Carlson, McCoy trying to go from Legislature to GOP gubernatorial candidate

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May 6, 2014 - 6:30am

Of the six candidates running for Nebraska’s Republican nomination for governor, two are state senators: Tom Carlson of Holdrege, and Beau McCoy of Omaha. In this second of three NET News Campaign Connection 2014 Signature Stories on the race, Fred Knapp gives us a glimpse of Carlson and McCoy campaigning in person.


It’s 9:00 a.m. on a weekday morning and Tom Carlson’s going table to table at the Chances R restaurant in York.

“Tom Carlson,” the candidate says. “Are you a farmer?”

Moving through the room, he explains, “I’m from Holdrege. And of the people running for governor – they’re good people -- three of them are from Omaha, two of ‘em from Lincoln and I’m the only one in rural Nebraska.”

Tom Carlson chats with a voter in York (Photo by Fred Knapp, NET News)

At another table, Carlson meets someone who knows one of his Holdrege neighbors in the cattle business. “I know all the Wallers out there,” the man declares. “Tim and Kenny and Lloyd?” Carlson asks. “I was good friends with Lloyd,” the man replies.

Carlson was born in Holdrege 72 years ago. He went to college in Colorado, got a PhD in statistics and physical education from the University of Iowa, and worked as an insurance agent.

Carlson’s now finishing eight years in the Legislature, where he led the effort to get $30 million approved for new water projects. Carlson tells people he wants to continue work in that field. “I’d like to be governor to see us reach sustainability in water, which is the key to agriculture and livestock production,” he says.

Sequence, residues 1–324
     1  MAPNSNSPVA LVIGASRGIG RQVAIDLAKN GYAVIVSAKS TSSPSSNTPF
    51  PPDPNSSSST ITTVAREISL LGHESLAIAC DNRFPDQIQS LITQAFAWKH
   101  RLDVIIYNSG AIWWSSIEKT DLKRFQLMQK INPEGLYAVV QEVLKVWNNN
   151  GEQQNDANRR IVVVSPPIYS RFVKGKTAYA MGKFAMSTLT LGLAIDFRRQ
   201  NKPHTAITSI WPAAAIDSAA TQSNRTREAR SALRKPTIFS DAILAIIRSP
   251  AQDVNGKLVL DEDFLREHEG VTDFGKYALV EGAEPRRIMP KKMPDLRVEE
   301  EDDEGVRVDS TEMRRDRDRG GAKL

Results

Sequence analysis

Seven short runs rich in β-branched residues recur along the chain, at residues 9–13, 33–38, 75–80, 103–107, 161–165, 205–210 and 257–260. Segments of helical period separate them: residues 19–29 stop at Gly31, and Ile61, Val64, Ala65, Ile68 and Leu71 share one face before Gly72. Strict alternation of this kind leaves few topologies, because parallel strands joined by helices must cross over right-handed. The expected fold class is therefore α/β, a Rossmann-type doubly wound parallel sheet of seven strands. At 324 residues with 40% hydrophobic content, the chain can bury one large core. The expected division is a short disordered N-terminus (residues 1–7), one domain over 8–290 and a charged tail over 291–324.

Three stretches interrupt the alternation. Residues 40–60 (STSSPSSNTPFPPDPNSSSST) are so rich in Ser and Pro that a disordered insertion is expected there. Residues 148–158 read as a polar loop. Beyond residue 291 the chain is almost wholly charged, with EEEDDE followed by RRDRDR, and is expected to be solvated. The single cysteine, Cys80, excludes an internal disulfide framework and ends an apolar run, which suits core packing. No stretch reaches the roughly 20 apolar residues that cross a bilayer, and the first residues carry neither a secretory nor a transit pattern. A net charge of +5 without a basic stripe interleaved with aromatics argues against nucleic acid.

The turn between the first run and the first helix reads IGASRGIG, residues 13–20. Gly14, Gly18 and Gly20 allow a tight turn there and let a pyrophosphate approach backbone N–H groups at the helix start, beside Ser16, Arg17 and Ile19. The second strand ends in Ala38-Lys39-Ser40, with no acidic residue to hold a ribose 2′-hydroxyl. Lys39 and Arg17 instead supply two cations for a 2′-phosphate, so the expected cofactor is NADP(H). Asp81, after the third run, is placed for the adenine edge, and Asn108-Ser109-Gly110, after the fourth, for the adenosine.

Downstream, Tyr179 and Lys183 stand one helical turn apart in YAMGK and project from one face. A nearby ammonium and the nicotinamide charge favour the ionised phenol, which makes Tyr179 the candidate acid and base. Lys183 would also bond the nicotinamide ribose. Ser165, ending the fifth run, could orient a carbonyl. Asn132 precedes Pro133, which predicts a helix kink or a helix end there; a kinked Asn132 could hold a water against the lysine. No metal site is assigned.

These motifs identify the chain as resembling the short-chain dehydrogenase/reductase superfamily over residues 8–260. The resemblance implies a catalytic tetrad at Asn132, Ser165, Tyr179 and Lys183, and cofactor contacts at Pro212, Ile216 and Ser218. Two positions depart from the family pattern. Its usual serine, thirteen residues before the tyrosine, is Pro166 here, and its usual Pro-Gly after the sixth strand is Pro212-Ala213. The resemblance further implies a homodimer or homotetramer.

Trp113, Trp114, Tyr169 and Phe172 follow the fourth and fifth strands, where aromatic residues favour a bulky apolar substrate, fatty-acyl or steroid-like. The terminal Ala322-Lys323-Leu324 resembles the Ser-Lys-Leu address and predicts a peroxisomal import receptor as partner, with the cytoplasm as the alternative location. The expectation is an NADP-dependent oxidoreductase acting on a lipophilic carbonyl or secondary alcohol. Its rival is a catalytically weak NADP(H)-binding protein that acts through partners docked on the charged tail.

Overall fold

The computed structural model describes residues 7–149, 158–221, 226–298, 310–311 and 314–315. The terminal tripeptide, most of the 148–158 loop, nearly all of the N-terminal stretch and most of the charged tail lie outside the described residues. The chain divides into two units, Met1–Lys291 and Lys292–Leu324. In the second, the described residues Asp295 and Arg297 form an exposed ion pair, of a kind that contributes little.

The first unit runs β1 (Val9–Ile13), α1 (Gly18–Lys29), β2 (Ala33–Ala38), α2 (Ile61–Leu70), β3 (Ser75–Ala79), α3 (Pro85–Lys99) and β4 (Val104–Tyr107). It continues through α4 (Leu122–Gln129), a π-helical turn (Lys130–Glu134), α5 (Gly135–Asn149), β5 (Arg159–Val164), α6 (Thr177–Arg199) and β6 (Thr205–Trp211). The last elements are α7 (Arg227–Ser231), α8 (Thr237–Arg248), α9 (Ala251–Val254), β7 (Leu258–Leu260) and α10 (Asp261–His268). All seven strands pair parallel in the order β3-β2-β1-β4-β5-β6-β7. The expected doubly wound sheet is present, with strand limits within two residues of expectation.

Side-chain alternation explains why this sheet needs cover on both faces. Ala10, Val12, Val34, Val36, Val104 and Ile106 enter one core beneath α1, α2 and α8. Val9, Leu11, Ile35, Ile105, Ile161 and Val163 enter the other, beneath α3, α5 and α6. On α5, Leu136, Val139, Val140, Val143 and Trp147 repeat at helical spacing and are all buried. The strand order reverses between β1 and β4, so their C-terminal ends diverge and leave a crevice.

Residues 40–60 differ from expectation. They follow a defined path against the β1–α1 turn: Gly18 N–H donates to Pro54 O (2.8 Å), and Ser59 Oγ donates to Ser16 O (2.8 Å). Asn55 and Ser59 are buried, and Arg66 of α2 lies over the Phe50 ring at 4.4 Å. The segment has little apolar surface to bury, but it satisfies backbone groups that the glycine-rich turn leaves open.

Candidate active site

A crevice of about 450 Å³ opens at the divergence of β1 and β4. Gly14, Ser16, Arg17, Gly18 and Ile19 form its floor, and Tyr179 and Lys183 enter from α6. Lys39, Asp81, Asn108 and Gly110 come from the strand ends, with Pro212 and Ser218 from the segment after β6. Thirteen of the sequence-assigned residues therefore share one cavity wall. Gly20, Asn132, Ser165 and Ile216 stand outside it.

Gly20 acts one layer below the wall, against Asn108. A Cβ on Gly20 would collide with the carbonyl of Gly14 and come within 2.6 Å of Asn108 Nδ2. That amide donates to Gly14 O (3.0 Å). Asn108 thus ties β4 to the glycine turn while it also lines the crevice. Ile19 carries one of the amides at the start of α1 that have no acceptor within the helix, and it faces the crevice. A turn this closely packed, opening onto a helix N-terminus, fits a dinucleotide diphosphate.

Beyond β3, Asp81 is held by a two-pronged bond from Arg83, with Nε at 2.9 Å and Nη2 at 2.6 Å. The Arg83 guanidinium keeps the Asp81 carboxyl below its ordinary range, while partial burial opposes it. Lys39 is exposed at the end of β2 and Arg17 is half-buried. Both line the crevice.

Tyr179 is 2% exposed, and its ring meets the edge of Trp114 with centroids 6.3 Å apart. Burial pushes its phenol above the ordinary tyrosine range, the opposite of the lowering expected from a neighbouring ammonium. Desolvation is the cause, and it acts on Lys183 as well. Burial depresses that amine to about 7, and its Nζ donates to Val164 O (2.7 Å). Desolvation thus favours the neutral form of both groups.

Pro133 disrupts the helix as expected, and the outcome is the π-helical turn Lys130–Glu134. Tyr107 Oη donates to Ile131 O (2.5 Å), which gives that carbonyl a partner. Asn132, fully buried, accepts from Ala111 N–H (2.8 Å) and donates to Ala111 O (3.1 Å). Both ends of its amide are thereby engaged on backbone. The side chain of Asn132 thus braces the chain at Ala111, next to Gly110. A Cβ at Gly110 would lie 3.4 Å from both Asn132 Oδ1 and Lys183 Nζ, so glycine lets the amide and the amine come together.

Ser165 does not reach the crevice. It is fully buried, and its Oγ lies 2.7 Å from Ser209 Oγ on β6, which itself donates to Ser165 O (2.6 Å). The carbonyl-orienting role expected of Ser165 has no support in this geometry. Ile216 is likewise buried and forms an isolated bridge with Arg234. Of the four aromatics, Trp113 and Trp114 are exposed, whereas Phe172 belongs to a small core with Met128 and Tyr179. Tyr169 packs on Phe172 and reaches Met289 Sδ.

Carlson says concentrating on rural concerns benefits the entire state. “I’m all for Lincoln and Omaha, and I want the urban areas of the state to really prosper. And they will. But not necessarily rural Nebraska,” he explains. “But when rural Nebraska prospers, so does Lincoln and Omaha.”

Carlson says new jobs in rural Nebraska are not going to be created on farms, but in the towns around them.We have safe communities. By and large we have good schools. We have good access to medical care and we have good churches. And good recreational opportunities. So the quality of life is there,” he says.

However, he adds “I don’t think as a state we’ve done as good a job as we could marketing that." he says. “And we have to have a reason for companies to locate in rural Nebraska."

To that end, Carlson says at least half the economic development incentives the state offers should be aimed at luring companies to rural areas.

Carlson is betting his rural emphasis will be his trump card in the Republican primary. “I hope it is,” he says. “I think I’ve served well in the Legislature for eight years. And if enough people in rural Nebraska recognize that, realize that, and know that we can count on Tom Carlson for being concerned about agriculture, livestock production and what happens to rural Nebraska,” that could help him win.

Another state senator -- Beau McCoy  – is hoping people make him the next governor. On a spring evening in Norfolk, the 33-year-old McCoy is introducing himself to a gathering at the VFW Hall. “All I’ve ever known in my life is growing up on the ranch and then being in small business. We have a construction company today in Elkhorn in Omaha, and we do a lot of work up here in Madison County,” he says.